Die Walküre: The plot thickens in San Francisco

    This scene is informed by understatement, both in the orchestra pit and on stage. The slightest hesitation of a hand on the door and the hint of drawn out strings convey more meaning than much of the bombast found in later sections.

    Brandon Jovanovich (Siegmund) and Anja Kampe (Sieglinde) with Nothung.
    Brandon Jovanovich (Siegmund) and Anja Kampe (Sieglinde) with Nothung.
    In Review

    Summer 2011 Ring - The Ring of the Nibelung
    Part 2 - Die Walküre

    5 out of 5 stars
    5 out of 5 stars - 'Outstanding - Starkie!'
    Directed by Francesca Zambello
    Conductor - Donald Runnicles
    Brunhilde - Nina Stemme

    Wotan - Mark Delavan

    Siegelinde - Heidi Melton

    Siegmund - Brandon Jonovich
    By Richard Wagner
    www.sfopera.com
    Review by

    This is part 2 (Die Walküre) of a four-part review series of The Ring of the Nibelung, one of the biggest stage presentations this year in the San Francisco Bay Area. Part 1 (Das Rheingold) can be read here. Note that Lord of the Rings was also based on this material.

    Brandon Jovanovich (Siegmund) and Anja Kampe (Sieglinde) with Nothung.
    Brandon Jovanovich (Siegmund) and Anja Kampe (Sieglinde) with Nothung.

    Die Walküre is the most difficult of the Ring operas: difficult to appreciate with its many-layered nuances, difficult to sit through and difficult to emotionally process, holding us in its bleak grasp as we watch characters buffeted by the inevitability of the Nordic fates. While light moments do exist, such as when the charismatic Brunhilde  (Nina Stemme) infuses the set with all the certainty and enthusiasm of youth, those moments are few and far between, and don’t begin to counterbalance the heaviness of the rest of the production. However, it’s the heart of these lighter moments are what we cling to most as they give some meaning to this grim twilight of the idols.

    Die Walküre opens when Siegmund (Brandon Jovanvich) passes out in front of the home of Sieglinde (Heidi Melton) and Hunding (Daniel Sumegi), wounded and exhausted. The sensitivity of Heidi Melton’s acting was matched only by the maestro Donald Runnicles delicate touch. This scene is informed by understatement, both in the orchestra pit and on stage. The slightest hesitation of a hand on the door and the hint of drawn out strings convey more meaning than much of the bombast found in later sections.

    Preparing for this, I was struck by how familiar the first act seemed until I turned to a well-thumbed copy of Saga of the Volsung sitting on my shelves, A single vellum manuscript dating to approximately 1400 is our source of this tale, which predates the manuscript by eight hundred odd years. In the Saga of the Volsung, a one-eyed stranger thrusts the sword into Barnstock, the huge tree in the Volsong palace, saying “he who draws this sword out of the trunk shall receive from me as a gift and he himself shall prove he has never carried a better sword than this one.”  So begins the Volsung saga, in which Sigmund wins the sword and mates with his sister Signy (who has shapeshifted into someone else). Thumbing through the Volsung Saga , which is far more wideranging and bloody than the operatic version, I was stunned at Wagner’s self-restraint in reining in his source material to a mere four hours and 30 minutes.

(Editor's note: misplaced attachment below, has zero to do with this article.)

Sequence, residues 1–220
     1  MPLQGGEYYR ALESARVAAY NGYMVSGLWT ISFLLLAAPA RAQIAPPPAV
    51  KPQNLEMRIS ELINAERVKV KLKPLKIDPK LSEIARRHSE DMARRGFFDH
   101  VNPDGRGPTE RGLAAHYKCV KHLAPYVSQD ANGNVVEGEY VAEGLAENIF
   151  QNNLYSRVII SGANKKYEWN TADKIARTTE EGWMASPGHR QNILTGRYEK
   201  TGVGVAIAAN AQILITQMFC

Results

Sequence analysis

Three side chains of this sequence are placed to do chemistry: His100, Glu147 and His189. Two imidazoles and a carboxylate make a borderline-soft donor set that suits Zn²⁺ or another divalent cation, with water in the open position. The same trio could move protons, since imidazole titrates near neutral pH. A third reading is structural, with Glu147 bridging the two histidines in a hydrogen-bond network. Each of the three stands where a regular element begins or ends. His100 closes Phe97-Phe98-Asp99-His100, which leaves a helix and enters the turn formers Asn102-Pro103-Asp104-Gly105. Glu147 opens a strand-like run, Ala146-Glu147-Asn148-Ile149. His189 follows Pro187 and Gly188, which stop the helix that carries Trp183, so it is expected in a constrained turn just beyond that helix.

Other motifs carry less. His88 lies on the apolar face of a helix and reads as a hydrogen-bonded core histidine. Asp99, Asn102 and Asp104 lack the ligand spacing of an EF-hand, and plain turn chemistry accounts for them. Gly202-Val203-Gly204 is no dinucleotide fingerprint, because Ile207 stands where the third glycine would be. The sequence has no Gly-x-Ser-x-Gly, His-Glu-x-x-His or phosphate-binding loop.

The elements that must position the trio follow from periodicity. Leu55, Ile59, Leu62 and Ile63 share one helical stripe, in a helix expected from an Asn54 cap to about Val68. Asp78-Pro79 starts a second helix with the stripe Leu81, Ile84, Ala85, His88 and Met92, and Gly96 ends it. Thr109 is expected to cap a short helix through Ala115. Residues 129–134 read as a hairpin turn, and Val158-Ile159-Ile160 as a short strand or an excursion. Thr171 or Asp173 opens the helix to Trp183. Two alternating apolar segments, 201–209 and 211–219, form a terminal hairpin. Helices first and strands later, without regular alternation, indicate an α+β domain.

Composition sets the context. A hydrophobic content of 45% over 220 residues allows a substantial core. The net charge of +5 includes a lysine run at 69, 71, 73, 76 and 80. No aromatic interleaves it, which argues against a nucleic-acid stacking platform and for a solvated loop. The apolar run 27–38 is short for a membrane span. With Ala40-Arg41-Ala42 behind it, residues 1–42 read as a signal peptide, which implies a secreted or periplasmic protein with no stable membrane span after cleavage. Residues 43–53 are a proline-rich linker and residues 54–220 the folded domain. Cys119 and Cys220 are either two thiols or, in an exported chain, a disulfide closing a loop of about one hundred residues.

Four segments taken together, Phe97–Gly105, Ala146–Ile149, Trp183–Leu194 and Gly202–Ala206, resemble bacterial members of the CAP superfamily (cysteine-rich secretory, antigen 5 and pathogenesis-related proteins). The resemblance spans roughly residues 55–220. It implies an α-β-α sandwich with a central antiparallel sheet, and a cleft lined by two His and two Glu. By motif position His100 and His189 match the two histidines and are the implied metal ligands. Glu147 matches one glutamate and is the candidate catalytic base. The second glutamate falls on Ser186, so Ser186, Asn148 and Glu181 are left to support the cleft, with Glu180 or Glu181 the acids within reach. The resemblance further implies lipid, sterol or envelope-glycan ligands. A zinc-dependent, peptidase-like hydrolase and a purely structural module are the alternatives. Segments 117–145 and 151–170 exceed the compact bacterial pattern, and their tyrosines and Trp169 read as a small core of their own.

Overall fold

This production was slightly different from the June 2010 version of the same. The first act flew by in 2010, yet seemed protracted last night. The converse is true with the fight scene under the bridge, which seemed startling in its brevity last night.  While the fabulous sets were identical, they were used differently: parachutes drop at different angles and the fight scene under the overpass seems less out of West Side Story.

    Of note – and perhaps slightly more obvious in this version than in 2010, is the use of photographs of the dead heroes. The use of image, and the manipulation of the same resonate deeply. The inescapability from these images harkens to Komeini’s aggressive reproduction and manipulation of images of martyrs during the Iran-Iraq war when photos of these young men appeared everywhere. Through them we create a world that is difficult to escape from, not unlike the downfall of these gods.

    Nina Stemme, who was fabulous in the 2010 production, managed to even outdo herself last night, as did Mark Delavan as Wotan. Toward the end, Delavan’s voice seems to weaken and I wondered if he was losing stamina – before realizing that insofar as gods age, we were literally watching him ravaged by time. Whereas in Das Rhinegold, he leapt nimbly with Loge, asserting his power across the stage in Neibelheim,  here we see him struggling to stand, awkwardly going down on a knee, so broken that at points, his voice is overcome by the orchestra.

    We get a day off from the Ring tomorrow – and Wotan can recover a bit – before the five hour Seigfried on Friday.

    San Francisco Bay Area stage, theater, film - news, reviews, videos, interviewsSummer 2011 Ring – The Ring of the Nibelung

    Part 2 – Die Walküre
    By Richard Wagner

    5 out of 5 stars – Outstanding

    San Francisco Opera

    Conductor – Donald Runnicles
    Director – Francesca Zambello

    Brunhilde – Nina Stemme
    Wotan – Mark Delavan
    Siegelinde – Heidi Melton
    Siegmund – Brandon Jonovich

    www.sfopera.com

    Photo credit: Cory Weaver.

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    Cy Ashley Webb
    Cy spent the ‘80’s as a bench scientist, the tech boom doing intellectual property law, and the first decade of the millennium, aspiring to be the world’s oldest grad student at Stanford where she is interested in political martyrdom. Presently, she enjoys writing for Stark Insider and the SF Examiner, hanging out at Palo Alto Children's Theatre, and participating in various political activities. Democracy is not a spectator sport! Cy is a SFBATCC member.